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Geneticists to arthritics: a gene's the rub.

Geneticists to arthritics: A gene's the rub

An inherited form of premature arthritis sometimes results from a minor typographical error in the genetic code for a joint-cushioning protein, according to new research. The disease, called primary osteoarthritis, can start to affect victims in their second or third decades of life, leaving them hobbled by midlife with limited, painful joint movement in the elbows, knees, hips and fingers.

Scientists estimate that as many as 6 million arthritic Americans can blame their disability at least in part on defective DNA, but they remain unsure how many of these people bear the newly pinpointed genetic glitch. Although the investigators found the mutation in all nine arthritic individuals of the one family they thoroughly studied, they note that other families with a history of the disease may harbor different genetic misspellings. But if the defect causes a large proportion of cases, its discovery could help clinicians identify people who have inherited the faulty gene, allowing early intervention.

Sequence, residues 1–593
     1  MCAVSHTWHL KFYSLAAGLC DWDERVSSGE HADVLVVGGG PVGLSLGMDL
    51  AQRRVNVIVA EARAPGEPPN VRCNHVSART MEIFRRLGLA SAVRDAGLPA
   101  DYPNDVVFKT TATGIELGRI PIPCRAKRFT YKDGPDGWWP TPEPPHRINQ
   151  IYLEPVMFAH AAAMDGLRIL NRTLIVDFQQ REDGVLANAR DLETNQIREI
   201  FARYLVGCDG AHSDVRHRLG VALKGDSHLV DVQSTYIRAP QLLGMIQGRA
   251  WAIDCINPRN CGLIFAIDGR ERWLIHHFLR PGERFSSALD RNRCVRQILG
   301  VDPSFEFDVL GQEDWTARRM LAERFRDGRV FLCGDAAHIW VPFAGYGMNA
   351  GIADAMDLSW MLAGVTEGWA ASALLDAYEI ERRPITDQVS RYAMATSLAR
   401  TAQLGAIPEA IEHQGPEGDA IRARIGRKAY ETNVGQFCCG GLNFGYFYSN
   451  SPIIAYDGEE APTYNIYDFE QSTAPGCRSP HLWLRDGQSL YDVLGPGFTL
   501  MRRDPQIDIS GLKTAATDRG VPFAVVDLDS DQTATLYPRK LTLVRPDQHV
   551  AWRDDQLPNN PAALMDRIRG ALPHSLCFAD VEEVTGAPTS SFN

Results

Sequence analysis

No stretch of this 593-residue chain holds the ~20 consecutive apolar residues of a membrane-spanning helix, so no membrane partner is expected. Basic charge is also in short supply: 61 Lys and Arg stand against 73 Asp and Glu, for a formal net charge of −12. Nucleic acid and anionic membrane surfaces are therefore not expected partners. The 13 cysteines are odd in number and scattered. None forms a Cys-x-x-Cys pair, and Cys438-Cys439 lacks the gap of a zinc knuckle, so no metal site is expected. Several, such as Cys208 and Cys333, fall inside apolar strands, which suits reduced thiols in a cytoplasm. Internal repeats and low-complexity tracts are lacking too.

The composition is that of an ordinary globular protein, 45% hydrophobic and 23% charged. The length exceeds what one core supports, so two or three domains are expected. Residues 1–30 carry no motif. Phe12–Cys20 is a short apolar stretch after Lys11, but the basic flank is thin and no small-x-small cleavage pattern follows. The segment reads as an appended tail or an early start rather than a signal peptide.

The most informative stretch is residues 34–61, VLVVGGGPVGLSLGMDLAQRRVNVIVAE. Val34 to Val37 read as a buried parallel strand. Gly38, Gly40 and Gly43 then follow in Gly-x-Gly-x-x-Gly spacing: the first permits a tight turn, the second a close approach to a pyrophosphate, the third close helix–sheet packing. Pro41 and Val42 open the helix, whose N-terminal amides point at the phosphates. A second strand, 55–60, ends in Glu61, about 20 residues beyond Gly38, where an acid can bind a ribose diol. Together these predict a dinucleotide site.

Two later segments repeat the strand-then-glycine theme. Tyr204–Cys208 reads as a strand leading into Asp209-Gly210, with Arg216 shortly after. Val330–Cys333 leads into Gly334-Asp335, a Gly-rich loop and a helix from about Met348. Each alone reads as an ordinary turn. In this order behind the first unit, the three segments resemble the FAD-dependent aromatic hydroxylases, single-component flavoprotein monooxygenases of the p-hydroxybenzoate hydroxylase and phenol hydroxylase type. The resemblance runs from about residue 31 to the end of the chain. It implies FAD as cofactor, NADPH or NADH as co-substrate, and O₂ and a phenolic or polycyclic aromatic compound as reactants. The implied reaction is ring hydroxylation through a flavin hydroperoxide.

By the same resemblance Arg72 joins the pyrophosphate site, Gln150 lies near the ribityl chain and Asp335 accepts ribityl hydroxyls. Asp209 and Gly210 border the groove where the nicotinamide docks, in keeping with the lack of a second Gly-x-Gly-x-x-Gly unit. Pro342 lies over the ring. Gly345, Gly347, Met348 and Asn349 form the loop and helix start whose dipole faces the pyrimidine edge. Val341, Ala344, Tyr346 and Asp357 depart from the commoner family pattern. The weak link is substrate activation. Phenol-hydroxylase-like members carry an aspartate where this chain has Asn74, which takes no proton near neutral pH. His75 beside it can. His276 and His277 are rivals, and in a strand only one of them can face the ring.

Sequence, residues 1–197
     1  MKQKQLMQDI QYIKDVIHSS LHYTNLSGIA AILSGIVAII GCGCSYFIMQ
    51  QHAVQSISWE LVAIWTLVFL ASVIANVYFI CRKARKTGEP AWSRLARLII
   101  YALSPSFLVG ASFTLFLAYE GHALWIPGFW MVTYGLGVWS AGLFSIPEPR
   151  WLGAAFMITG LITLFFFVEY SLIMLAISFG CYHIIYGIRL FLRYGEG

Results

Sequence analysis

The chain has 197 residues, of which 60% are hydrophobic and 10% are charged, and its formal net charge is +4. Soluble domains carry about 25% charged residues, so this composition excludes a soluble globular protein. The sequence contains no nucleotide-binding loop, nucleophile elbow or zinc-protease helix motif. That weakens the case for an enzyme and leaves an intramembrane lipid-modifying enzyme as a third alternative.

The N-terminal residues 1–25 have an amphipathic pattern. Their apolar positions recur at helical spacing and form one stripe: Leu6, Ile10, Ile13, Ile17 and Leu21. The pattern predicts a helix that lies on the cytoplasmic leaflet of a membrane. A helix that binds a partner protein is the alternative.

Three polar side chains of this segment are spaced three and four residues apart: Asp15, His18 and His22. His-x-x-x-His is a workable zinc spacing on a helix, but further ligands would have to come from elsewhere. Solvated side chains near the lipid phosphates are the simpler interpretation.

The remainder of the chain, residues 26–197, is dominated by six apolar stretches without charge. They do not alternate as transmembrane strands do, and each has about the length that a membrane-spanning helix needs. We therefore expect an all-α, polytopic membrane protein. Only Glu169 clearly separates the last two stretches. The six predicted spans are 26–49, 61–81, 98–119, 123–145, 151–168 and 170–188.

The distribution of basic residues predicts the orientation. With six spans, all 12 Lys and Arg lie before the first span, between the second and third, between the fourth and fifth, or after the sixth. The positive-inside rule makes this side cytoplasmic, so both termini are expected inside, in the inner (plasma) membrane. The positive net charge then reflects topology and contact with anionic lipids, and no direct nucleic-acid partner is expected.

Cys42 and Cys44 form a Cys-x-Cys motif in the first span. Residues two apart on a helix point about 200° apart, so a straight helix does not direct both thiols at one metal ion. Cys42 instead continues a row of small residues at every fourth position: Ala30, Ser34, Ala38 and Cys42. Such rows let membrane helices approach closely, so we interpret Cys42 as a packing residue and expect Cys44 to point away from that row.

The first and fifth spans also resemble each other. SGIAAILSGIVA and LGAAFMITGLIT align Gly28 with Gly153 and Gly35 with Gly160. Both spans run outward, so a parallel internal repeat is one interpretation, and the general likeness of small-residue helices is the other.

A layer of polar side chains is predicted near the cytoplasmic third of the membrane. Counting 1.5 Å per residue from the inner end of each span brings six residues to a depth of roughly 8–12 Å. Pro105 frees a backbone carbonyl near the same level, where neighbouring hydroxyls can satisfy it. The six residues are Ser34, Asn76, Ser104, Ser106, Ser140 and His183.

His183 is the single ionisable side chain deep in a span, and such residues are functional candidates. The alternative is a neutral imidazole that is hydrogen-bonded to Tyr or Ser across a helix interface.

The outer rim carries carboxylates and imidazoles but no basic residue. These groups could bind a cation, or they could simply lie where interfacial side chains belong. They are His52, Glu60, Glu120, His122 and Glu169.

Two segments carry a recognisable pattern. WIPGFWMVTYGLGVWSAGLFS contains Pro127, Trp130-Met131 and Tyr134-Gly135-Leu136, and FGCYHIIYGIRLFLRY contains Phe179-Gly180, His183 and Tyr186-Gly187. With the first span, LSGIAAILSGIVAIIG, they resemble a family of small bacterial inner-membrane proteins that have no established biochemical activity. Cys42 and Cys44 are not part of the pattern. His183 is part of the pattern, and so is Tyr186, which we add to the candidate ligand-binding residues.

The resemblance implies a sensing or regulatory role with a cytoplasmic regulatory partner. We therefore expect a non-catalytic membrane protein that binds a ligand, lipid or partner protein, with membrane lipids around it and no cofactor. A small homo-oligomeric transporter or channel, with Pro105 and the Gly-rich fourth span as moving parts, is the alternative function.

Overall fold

Darwin J. Prockop of the Jefferson Medical College in Philadelphia and his colleagues examined DNA 19 individuals spanning three generations of a family with a propensity for primary osteoarthritis. Affected family members harbored an identical error within a gene on chromosome 12, they report in the September PROCEEDINGS OF THE NATIONAL ACADEMY OF SCIENCES (Vol.87, No. 17). The gene contains instructions to make Type II procollagen -- the precursor of Type II collagen, which is the major ingredient of joint-surface protective linings. The gene was normal in all 10 unaffected family members and in 57 other unaffected people tested. Studies of 10 other families with inherited osteoarthritis remain largely inconclusive.

The researchers suggest that the mutation ultimately weakens collagen's triple-helical structure, making it susceptible to degeneration after only a few decades of normal wear and tear.

Although no effective drug therapy so far exists, Prockop says early detection of the faulty gene could help people "tailor their careers and exercise habits" to minimize arthritis-accelerating stresses.
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Title Annotation:genetic cause of primary osteoarthritis
Author:Weiss, Rick
Publication:Science News
Date:Sep 8, 1990
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